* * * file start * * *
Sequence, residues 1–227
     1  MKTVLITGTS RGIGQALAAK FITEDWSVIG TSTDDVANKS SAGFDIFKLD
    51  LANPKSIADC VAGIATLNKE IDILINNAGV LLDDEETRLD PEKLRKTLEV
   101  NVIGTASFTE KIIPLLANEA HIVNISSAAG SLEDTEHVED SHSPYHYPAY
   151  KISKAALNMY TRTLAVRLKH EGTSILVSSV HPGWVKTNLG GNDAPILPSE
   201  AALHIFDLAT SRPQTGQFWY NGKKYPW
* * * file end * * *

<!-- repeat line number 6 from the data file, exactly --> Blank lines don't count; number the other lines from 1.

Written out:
   201  AALHIFDLAT SRPQTGQFWY NGKKYPW